For Jo Dance, school was no fun – she suffered from extenuating circumstances and couldn’t wait to get away from educational establishments.
So, at 18, she packed her bags and left her hometown of Edinburgh in search of a new life in London.
“I didn’t get the best grades at school,” she said. “I went to college for a little while – I enrolled on art and languages courses, but it didn’t work out. I’d always read a lot of books, right from primary school age and knew I wanted to study a challenging subject. I had thought on and off for years about studying law – I knew I could cope with the volume of reading. But because I had such a hard time at school, it had put me off.”
After a year of working in the capital in admin roles and bars, she decided to head to Australia on a working holiday, and ended up staying for several years.
“I thought maybe I’d study, but the university options overseas looked so expensive, plus I was getting a little homesick. I came home and met with a university admissions officer, and realised my school grades weren’t acceptable to study law at the main universities in Scotland.”
Jo began working in an office job, but received the news she was to be made redundant a few years later – something which she now says was “a blessing in disguise”.
She said: “I was looking for temporary work and received a call from an agent telling me there was a law firm – CMS – looking for a legal secretary to work there on a temporary placement.”
Jo got the job and was asked to stay on a permanent basis.
“By this point, in 2012, I’d discovered the OU,” said Jo. “I was in my mid 20s and had financial independence. I didn’t want to start doing costly entry courses, plus I needed to find a balance between earning and study.
The OU’s open entry policy was so important to me, and so was the flexibility that meant I could continue working full-time.
“I told my employers I was thinking of joining the OU and they were supportive. They didn’t mind that I’d be studying English law as opposed to Scottish law, so off I went to enrol.”
Jo also considered at the time that the English LLB offered by the OU would provide her with more options once she had graduated.
Jo juggled full-time working with her studies, but at the beginning, didn’t find it too tricky. She said: “My work was manageable in the first year or so. I would give up my evenings and weekends to study – my friends and family had to be very understanding. I’d get up early and study before work and during my lunchbreaks. It suited me – I got my head down and got on with it.”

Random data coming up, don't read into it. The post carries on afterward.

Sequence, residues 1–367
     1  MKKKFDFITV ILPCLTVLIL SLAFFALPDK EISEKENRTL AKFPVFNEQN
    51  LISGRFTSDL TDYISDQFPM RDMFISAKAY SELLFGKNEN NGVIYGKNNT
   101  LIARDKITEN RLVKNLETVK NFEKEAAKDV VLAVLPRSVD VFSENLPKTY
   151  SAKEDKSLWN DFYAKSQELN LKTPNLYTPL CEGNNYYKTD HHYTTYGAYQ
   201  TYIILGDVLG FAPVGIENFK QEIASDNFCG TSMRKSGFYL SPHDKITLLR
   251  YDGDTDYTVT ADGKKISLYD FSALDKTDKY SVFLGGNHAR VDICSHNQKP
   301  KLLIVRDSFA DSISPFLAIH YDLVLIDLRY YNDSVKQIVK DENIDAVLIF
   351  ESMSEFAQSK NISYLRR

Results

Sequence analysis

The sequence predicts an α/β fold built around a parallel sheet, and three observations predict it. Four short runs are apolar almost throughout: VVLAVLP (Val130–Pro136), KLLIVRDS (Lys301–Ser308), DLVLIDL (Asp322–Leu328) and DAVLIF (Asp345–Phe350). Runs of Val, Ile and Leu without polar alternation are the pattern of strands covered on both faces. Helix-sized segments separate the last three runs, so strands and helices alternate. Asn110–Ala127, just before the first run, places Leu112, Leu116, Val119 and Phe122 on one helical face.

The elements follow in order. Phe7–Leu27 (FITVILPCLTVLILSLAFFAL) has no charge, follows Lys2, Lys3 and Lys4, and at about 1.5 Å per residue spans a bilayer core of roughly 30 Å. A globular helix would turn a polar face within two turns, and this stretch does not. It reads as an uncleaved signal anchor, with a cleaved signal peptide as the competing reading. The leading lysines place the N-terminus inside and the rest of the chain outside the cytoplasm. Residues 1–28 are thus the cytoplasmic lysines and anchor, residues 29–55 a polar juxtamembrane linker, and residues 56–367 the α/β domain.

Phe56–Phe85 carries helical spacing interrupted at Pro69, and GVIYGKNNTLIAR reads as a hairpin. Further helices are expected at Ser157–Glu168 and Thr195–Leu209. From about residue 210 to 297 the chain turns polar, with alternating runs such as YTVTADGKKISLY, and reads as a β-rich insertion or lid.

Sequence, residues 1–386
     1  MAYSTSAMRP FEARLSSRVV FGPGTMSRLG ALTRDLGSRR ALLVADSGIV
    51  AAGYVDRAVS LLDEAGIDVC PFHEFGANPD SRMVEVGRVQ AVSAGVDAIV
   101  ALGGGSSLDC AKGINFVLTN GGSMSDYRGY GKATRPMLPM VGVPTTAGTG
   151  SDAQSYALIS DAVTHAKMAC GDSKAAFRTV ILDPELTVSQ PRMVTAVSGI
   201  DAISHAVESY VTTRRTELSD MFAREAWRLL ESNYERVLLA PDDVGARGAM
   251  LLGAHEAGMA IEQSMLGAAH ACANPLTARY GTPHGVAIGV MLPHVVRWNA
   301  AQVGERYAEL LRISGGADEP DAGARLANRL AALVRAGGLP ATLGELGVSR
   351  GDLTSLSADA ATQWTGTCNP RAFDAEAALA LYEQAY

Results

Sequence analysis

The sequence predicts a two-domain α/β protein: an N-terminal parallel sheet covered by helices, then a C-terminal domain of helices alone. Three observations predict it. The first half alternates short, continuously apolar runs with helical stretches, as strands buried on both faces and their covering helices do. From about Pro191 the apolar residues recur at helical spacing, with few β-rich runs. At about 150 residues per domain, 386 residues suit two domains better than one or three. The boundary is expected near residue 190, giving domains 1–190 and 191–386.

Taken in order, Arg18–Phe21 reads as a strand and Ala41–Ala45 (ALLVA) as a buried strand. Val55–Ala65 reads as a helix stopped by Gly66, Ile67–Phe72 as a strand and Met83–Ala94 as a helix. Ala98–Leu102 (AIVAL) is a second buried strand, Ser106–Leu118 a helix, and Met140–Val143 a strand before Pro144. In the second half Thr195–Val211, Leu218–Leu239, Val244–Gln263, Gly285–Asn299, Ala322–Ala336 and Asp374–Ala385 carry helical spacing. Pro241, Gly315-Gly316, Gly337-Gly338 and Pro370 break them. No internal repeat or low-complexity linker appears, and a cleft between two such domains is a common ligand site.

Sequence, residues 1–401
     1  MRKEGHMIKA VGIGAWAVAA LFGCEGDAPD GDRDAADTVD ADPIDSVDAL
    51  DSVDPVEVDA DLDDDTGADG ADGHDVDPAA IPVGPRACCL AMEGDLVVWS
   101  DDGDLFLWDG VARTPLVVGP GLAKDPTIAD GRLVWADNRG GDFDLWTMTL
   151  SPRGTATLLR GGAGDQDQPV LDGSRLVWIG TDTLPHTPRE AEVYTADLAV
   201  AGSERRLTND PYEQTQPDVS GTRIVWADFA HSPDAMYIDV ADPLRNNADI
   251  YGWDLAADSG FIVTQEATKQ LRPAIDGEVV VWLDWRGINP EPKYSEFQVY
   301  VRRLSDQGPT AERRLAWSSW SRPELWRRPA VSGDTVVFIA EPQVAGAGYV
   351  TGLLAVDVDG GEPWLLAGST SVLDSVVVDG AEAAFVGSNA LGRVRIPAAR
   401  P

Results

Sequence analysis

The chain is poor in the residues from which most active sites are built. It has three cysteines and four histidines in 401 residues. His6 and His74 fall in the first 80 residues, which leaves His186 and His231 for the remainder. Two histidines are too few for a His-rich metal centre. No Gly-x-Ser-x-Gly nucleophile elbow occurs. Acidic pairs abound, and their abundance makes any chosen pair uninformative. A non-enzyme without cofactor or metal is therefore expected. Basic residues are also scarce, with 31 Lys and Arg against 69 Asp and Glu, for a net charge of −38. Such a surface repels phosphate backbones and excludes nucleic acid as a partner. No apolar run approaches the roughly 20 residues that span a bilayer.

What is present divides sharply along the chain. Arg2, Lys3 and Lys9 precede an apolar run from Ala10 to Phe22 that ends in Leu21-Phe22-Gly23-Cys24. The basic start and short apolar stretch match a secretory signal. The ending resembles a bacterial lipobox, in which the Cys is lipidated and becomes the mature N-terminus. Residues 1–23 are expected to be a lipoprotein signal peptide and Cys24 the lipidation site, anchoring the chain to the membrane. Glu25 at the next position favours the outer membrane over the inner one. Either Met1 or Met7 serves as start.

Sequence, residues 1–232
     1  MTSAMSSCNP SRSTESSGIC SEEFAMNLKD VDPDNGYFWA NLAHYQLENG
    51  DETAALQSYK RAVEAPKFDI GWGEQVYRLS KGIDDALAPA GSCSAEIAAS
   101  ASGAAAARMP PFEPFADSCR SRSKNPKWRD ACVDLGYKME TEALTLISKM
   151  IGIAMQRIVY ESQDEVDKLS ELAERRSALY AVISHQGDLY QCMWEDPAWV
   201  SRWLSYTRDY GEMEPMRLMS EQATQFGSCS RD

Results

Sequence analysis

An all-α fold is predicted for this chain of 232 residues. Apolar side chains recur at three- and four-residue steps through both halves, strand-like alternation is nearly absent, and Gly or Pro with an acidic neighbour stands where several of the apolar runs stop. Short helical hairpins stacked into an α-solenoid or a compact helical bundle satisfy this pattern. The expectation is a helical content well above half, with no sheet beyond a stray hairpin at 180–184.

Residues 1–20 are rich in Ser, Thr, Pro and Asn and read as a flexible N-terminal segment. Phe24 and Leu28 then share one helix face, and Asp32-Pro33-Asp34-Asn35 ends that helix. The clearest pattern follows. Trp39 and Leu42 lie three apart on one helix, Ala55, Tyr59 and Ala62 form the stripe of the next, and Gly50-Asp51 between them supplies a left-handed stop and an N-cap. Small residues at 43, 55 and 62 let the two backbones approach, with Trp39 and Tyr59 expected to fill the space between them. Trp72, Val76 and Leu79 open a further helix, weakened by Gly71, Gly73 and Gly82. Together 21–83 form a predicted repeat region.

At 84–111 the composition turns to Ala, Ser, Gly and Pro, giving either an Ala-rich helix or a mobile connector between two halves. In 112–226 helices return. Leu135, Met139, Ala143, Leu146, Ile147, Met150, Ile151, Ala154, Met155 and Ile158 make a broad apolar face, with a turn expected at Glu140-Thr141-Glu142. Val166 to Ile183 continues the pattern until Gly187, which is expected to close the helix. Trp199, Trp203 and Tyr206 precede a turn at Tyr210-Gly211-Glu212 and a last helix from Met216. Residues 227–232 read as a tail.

As Jo climbed the ladder at work, juggling her career and studies became more challenging.
“When I was working as a paralegal, I went part-time for a few months, working four days a week. This was during my second to last year when I was essentially doing a part-time degree full-time, on top of working. Going part-time at work made a huge difference.”
Despite the challenges, Jo loved learning.
“I enjoyed my degree,” she said. “I thought the content and materials were very good and the lecturers were brilliant – they all had a legal background. I really liked the books too. Of course some topics were tricky, but that’s because of the law itself.”
My goal was that I wanted to qualify as a lawyer. I didn’t actually know if I was going to get the training contract that I needed in order to qualify, but I was inspired by the goal. I wanted to get a 1:1 so I decided to reach for the sky and get the best degree I could.
“I completed my degree in 2017, and I got my 1:1.”
After finishing her OU degree, Jo completed the Legal Practice Course (LPC) through online distance learning and began a training contract at CMS, where she was working.
She said: “People don’t normally do this their LPC and training contract at the same time – that was hard!”
Three years ago, after completing her training contract and the LLM i-LPC with the University of Law, Jo qualified as a lawyer. She is still working for CMS in Edinburgh, where she is now an Associate.
“OU study benefitted me massively. I wouldn’t be here in the job that I really, really wanted, if it wasn’t for the OU!” she said. “I am so thankful that it’s there for people who didn’t enjoy school or who left school not knowing what to do next. Alternative routes are most definitely an option.
My top tip if you’re embarking on an OU qualification would be to go in with your eyes open, stay organised and take each day as it comes. Have the confidence to jump in with both feet because some risks are definitely worth taking.
“Of course there were points I felt like giving up – everyone gets those! You just have to pick yourself back up. A good night’s sleep solves a lot – so does a day off, some exercise, and seeking encouragement from those around you.
“But essentially, the OU has given me a really good degree that is going to open up – and has already opened up – so many doors for me. I was lucky that I was already in a law firm when I began studying, but it still took a lot of hard work and convincing to get to where I am today."
“As far as the future’s concerned, I plan to go with the flow and see what the next few years bring in terms of opportunities. For anyone thinking they can’t do it, I’m proof that they can!”